• 231. Steering gear 221 Pump isolating valves Steel buttresses fitted around base of bedplate to take shear off holding down bolts Bypass valve- Cylinder isolating valves Electric motor Electric rudder indicator j [Relief ' valve blocl Donkin hele-shaw type pump Extended crossbar plates for gyro control and telemotor receiver Local control Figure I2.6(b) Actual arrangement of two-ram steering gear
  • 232. Typical elevation of trunnion-type tiller Crosshead Cylinder Pump Motor Cylinder chocks Figure 12.7 Four-ram steering gear—actual arrangement Typical elevation of steering gear without rudder carrier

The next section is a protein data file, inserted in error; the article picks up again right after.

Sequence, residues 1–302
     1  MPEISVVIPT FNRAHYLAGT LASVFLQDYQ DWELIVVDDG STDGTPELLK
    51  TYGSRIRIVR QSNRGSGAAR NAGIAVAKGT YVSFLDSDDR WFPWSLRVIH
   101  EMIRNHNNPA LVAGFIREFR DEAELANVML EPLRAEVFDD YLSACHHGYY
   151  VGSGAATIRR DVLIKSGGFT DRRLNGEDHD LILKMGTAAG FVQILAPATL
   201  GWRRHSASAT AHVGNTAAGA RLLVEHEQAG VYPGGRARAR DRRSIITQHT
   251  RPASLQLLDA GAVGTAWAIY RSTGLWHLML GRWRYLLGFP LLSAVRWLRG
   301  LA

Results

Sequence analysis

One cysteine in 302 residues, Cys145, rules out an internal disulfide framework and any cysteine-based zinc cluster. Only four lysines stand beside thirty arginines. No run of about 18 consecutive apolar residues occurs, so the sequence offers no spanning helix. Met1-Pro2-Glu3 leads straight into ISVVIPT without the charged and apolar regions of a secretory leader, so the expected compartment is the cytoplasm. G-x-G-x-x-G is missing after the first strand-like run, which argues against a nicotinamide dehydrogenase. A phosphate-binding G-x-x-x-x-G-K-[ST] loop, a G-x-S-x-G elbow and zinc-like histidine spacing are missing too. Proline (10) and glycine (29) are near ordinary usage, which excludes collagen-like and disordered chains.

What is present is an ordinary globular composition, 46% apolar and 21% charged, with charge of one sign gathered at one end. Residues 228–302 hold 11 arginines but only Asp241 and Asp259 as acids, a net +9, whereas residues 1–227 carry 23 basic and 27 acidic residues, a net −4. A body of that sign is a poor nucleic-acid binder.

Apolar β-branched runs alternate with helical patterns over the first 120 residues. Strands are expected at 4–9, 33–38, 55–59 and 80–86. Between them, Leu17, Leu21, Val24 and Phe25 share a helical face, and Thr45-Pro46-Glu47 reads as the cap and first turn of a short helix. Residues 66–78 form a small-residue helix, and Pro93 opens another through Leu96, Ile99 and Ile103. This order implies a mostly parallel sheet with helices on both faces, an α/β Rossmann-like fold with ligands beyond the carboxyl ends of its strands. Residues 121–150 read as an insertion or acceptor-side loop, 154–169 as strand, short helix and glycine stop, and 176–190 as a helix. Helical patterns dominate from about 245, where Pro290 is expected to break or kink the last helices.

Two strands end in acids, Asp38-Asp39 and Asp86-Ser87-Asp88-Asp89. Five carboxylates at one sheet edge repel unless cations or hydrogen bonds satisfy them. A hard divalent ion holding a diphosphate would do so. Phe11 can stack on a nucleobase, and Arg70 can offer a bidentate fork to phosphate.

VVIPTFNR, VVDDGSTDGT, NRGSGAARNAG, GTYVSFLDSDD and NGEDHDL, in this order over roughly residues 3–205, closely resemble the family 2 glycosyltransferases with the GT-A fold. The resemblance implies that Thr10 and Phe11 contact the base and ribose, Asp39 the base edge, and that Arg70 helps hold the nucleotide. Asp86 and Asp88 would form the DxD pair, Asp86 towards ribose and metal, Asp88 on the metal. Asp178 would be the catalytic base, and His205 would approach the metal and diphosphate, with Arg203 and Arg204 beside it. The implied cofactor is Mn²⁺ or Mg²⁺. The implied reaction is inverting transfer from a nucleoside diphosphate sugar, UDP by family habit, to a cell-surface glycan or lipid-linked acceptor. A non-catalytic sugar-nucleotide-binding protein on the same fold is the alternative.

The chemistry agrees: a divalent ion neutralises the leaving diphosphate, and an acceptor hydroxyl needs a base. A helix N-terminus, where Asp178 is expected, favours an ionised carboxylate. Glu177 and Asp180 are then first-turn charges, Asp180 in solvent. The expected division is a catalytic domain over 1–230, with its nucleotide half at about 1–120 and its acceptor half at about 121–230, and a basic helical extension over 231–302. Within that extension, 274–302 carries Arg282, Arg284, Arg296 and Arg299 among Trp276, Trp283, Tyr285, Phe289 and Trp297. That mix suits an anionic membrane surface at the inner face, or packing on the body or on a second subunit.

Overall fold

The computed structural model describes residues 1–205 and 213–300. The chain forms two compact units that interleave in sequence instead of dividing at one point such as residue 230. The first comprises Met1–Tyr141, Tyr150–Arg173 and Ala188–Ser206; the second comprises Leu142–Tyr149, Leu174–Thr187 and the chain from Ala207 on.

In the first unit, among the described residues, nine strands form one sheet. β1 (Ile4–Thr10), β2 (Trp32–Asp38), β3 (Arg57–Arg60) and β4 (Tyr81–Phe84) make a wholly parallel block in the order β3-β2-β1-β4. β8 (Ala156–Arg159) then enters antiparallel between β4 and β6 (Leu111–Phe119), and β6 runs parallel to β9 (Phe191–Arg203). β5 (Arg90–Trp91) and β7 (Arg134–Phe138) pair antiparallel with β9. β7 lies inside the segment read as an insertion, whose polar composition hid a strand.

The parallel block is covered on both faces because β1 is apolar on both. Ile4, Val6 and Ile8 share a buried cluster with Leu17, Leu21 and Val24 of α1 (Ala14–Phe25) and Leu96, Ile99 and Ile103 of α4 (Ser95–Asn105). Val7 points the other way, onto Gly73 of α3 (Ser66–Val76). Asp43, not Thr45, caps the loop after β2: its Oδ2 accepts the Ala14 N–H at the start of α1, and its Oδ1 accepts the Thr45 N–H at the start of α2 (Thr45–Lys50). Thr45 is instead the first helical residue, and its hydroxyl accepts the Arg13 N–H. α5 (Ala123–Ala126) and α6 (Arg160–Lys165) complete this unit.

• 233. Steering gear 223 flexibility of different arrangements in the event of component failure. Either pump can be used with all cylinders or with either the two port or two starboard cylinders. Various valves must be open or closed to provide these arrangements. The use of a control valve block incorporating rudder shock relief valves, pump isolating valves, ram isolating and bypass valves, offers greater flexibility with a four-ram steering gear. In normal operation one pump can operate all cylinders. In an emergency situation the motor or a pair of hand pumps could be used to operate two port rams, two starboard rams, two forward rams or two after rams. The crosshead arrangement on the four-ram type steering gear described incorporates what is known as the 'Rapson Slide'. This provides a mechanical advantage which increases with the angle turned through. The crosshead arrangement may use either a forked tiller or a round arm tiller (Figure 12.8). The round arm tiller has a centre crosshead which is free to slide along the tiller. Each pair of rams is joined so as to form a double bearing in which the trunnion arms of the crosshead are mounted. The straight line movement of the rams is thus converted into an angular tiller movement. In the forked tiller arrangement the ram movement is transferred to the tiller through swivel blocks. To charge the system with fluid it is first necessary to fill each cylinder then replace the filling plugs and close the air cocks. The cylinder bypass valves should be opened and the replenishing tanks filled. The air vents on the pumps should be opened until oil discharges free of air, the pumps set to pump and then turned by hand, releasing air at the appropriate pair of cylinders and pumping into each pair of cylinders in Ram Ram Forked "tiller Round arm tiller N ; C • 1. 0 j • !t • > ] V (a] Round arm tiller Figure 12.8 Crosshead arrangements o J I/ (b) Forked tiller